Pam Grier says she got a role in the rural-themed “Bless This Mess” because “I smelled the part.”
A farmer in Colorado for years, the one-time action star says agriculture is the constant, Hollywood is the exception.
“People don’t know that because they always see me dressed up and cleaned up for roles.”
Now, Grier says, the ABC sitcom will let fans discover the “real” Pam, the one who worries about ordering hay, feeding chickens and getting enough time to go fishing.
“Nebraska, Colorado and Wyoming — those are my roots, where my people are from,” the North Carolina native insists. “The Asians and the blacks lived in my grandmama’s hotel while they worked on the railroad. Everyone had bull serum they could trade.”
To pay for college (and get away from working three jobs), Grier agreed to do acting jobs. Director Roger Corman, she says, had to call her mother and promise he wouldn’t fire her so she could quit the other jobs. “My mama was serious. I was living in my aunt’s garage and I needed to make tuition.”
To bring a degree of authenticity to her work, Corman gave Grier a copy of “The Actor Prepares,” by Konstantin Stanislavski. The Stanislavski method suggests actors become their characters by bringing life experience to the roles.
“Once I read it I realized how important the actor is to humanity,” Grier says. Roles in a host of blaxploitation movies made her the first African American female to headline an action film. “Coffy,” “Foxy Brown” and “Sheba, Baby” brought stardom.
That first piece of advice, though, stuck. To audition, “I’ll come a thousand miles off book in a snowstorm,” Grier says. “What’s important is that first impression. Do I look like the character? Usually I do and I get the job right away. That’s Stanislavski.”
When she went in to see the producers of “Bless This Mess,” a comedy about an urban couple moving to a small town in Nebraska, the 69-year-old had leather gloves in her back pocket. “I was covered in dust and I smelled the part. When I was sitting in the lobby of the studio, everybody said, ‘Who’s that?’ I literally came off the farm.”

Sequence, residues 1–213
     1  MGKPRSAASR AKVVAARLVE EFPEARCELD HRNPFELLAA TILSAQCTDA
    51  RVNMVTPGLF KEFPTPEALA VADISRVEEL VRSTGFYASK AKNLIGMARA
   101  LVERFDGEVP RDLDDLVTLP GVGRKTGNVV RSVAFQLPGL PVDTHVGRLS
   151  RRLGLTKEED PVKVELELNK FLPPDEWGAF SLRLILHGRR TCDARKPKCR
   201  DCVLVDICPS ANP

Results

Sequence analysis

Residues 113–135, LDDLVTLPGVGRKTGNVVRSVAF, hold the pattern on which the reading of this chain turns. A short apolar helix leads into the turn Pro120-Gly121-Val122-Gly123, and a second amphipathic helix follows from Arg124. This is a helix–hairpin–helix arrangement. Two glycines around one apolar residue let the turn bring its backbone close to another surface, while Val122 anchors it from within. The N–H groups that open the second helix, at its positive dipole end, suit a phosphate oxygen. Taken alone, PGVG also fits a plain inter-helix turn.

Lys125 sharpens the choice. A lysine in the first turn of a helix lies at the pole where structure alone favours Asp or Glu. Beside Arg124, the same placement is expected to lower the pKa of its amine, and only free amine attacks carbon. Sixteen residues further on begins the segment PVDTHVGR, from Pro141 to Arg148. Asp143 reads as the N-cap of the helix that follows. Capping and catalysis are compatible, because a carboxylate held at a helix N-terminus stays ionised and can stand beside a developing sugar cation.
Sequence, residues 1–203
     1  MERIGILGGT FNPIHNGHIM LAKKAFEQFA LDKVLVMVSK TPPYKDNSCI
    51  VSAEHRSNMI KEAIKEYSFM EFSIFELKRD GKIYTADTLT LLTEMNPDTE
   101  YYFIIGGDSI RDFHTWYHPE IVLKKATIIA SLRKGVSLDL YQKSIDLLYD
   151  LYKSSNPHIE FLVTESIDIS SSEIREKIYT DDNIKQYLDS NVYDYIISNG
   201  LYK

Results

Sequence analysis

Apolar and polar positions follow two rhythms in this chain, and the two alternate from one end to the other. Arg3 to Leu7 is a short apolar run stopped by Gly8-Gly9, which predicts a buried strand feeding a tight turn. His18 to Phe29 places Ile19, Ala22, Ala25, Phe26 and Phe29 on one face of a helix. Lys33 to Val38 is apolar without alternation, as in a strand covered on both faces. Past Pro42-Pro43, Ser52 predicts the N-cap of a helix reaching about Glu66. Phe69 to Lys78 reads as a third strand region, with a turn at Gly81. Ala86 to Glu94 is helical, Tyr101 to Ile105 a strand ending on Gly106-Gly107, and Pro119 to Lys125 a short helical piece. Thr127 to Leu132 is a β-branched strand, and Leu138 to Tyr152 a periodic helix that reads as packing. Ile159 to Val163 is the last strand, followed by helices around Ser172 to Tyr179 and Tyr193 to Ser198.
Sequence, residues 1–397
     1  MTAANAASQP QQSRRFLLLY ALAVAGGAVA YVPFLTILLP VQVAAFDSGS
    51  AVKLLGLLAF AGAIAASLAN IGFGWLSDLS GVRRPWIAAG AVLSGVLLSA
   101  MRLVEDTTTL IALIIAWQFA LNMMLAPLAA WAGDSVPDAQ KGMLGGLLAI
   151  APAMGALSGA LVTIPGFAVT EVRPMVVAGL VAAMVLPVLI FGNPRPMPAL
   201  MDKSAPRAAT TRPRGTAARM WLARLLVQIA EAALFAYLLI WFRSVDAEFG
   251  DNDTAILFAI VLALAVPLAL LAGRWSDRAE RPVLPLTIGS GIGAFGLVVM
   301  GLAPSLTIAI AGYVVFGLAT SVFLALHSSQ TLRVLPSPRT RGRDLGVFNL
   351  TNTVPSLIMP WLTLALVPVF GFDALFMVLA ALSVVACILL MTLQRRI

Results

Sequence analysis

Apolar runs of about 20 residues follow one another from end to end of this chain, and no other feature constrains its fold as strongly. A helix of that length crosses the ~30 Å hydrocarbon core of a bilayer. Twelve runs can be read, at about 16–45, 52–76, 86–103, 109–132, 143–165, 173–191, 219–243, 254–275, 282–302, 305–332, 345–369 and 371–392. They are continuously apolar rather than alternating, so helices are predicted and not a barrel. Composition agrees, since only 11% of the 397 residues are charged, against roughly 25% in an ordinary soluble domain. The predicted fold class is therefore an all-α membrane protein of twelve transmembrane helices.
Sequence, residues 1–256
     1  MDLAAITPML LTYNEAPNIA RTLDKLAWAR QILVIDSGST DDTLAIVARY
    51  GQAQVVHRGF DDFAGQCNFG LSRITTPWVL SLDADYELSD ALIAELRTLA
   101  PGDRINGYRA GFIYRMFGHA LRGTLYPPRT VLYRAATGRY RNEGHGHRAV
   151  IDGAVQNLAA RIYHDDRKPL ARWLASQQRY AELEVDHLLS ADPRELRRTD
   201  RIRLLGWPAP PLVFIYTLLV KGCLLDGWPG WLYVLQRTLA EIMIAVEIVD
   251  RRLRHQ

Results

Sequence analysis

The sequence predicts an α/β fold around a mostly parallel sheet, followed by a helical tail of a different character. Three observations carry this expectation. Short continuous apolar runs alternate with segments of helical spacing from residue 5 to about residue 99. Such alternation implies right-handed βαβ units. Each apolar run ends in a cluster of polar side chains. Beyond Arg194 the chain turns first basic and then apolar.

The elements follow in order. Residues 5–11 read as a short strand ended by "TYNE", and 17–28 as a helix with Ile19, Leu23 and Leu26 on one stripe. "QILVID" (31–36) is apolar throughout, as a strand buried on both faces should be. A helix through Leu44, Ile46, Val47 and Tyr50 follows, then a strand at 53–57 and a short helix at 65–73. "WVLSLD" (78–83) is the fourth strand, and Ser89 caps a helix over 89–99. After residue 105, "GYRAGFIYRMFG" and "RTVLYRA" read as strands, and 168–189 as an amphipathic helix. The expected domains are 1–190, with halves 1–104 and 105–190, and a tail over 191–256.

Now, Grier is helping creators Lake Bell and Elizabeth Meriwether capture the “authenticity” of rural America.
“Comedy is just honesty,” she says. “You don’t think anybody thinks it’s funny and, oh, my god, it is. How we laugh at our pain is so important. I wake up laughing. That’s how I get through the day.”
An icon among fans of 1970s action films, Grier has weathered many storms, including stage 4 cervical cancer. She had several long-term relationships, too, and has been credited with inspiring a number of contemporary filmmakers, including Quentin Tarantino, who cast her in “Jackie Brown.”
“I raised the bar of the B movie and now it’s edgy,” she says. “That’s surprising. But I’m surprised every day. I’m a cancer survivor. I’m surprised I’m here.”
While working on the sitcom (in which she plays a multi-tasker who also serves as the county sheriff), Grier is working on a film version of her autobiography, “Foxy: My Life in Three Acts.”
“I want to meet with Spike Lee because he captured the ‘70s so richly in ‘BlacKkKlansman,’” she says. “We did ‘Crooklyn’ together and I think he understands me. We’re meeting with a lot of folks. I hope everything falls into place.”
Life, Grier says, has a way of settling personal dust storms. “Nobody cares what your age is,” she says. “If you bring the work, if you bring the passion, that’s what people respond to. If you’re afraid, they’ll notice.”
Considering Grier has gotten substantial roles in films and television, it’d be easy to think those first two acts were the best.
No, she says, “the third act is the best because I have experience ... and I’ve survived a lot.”